Travis Valenti Wiki – Travis Valenti Biography
Travis Valenti (37), The body of a recently engaged New Yorker who drowned in a Washington state park after proposing to his fiancée has been recovered, ending a weeks-long search for the man’s remains.
The body of Massapequa’s Travis Valenti was pulled from the depths of Lake Crescent at Olympic National Park at approximately 6:25 pm PT Wednesday, by members of a nearby non-profit organization. Called the Christian Missionaries, the Ohio-based group searched the notoriously deep lake using boat-mounted sonar technology, finding the body within hours of beginning their effort that morning. Officials had spent days looking for the lost 37-year-old, who reportedly helped push fiancée Marlene Junker to safety after their kayaks overturned on June 9, likely saving her life. Following the Ohio Missionaries’ find, a remote-operated vehicle was deployed to retrieve the late Long Islander, who had long been presumed dead. His corpse was found at a depth of 394 feet, officials later confirmed.
Search crews notified the family immediately, according to statements from Valenti’s brother, Austin Valenti. It’s kind of the best outcome we could have hoped,’ he told Newsday Thursday after his wife started an online fundraiser to help pay for search and recovery efforts in the northern foothills of the Olympic Mountains. We’re just glad we’ll have him back to give him the proper send-off and memorial he deserved.’ Diana Rose, Austin’s husband, updated the GoFundMe she created to thank those who sent money while officials and Good Samaritans searched for Valenti – who worked as a workplace service specialist at a Manhattan investment firm.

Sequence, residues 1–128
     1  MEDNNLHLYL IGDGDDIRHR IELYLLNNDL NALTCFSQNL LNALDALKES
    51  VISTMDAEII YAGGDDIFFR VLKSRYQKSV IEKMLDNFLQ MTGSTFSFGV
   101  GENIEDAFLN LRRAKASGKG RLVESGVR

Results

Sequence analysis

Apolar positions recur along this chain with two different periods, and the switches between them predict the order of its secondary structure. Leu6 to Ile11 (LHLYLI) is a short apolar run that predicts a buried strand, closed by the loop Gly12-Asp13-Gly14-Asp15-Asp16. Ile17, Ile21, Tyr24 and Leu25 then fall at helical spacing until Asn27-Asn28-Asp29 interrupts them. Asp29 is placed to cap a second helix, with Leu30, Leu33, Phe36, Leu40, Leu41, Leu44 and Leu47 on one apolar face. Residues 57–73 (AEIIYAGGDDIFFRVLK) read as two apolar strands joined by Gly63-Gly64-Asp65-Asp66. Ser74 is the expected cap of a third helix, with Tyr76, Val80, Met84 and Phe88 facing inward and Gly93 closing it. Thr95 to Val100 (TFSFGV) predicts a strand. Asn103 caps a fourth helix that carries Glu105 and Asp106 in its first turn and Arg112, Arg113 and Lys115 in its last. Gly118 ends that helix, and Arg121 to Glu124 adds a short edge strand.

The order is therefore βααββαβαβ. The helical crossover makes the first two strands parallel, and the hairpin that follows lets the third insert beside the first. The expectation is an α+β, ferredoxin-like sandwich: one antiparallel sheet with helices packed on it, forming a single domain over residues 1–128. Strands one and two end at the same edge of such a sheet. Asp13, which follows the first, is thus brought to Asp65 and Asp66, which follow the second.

Travis Valenti was 37 years old.
New York man’s body was discovered in Lake Washington
‘This is still a very sensitive and emotionally charged time for his beautiful fiancée, parents, siblings, family and countless friends who care about and love Travis,’ she wrote. Thankfully, Travis will be able to eventually come back home and be laid to eternal rest. This will still require time and logistical coordination. Your kind donations received will be assisting immensely with this endeavor and funeral preparations.’ Family members had raised more than $63,000 in the days since the fundraiser was posted, enlisting a private search team from Pennsylvania to help search Lake Crescent, which, with a maximum depth of 624 feet, is the second deepest in all of Washington. We need to be able to find him [and] bring him home,’ the family wrote in the fundraiser. The National Park Service, meanwhile, said the remote-operated vehicle it utilized to rescue Valenti was able to brave the deep and cold waters of Lake Crescent Wednesday to pull out his body.
Nearby Log Cabin Resort staff and other park officials who responded to the incident in the days before were unable to find Valenti, after several separate efforts. The family added Valenti, a football fan and dog-lover, had proposed to his wife just two days before drowning – after he took her on the cross-country excursion with the sole intent to propose. He would do so, but days later would meet his end while boating with his future spouse when his kayak started to take on water. He was forced to abandon the boat, spurring his fiancée to attempt to rescue him. When she did, her kayak too overturned, and she entered the water. Neither of them was wearing a life jacket, officials said. Austin said in a last act of heroism, ‘Travis gave [Marlene] the extra little push that she needed to get safe.’ He described his brother as having the ability to ‘light up a room and make anybody laugh,’ and who had a ‘beautiful’ relationship. ‘He was just everybody’s favorite guy, including Marlene’s and all of ours, they were just a beautiful couple, and they had this beautiful life planned out and it just gets cut so short out of nowhere,’ he told News 12 Long Island. The National Park Service warns park-goers about ‘sudden immersion’ in Lake Crescent, as the cold water could ‘impact a person’s breathing and over time, their ability to move extremities.’ They advise all swimmers to use the buddy system and to always wear a life jacket.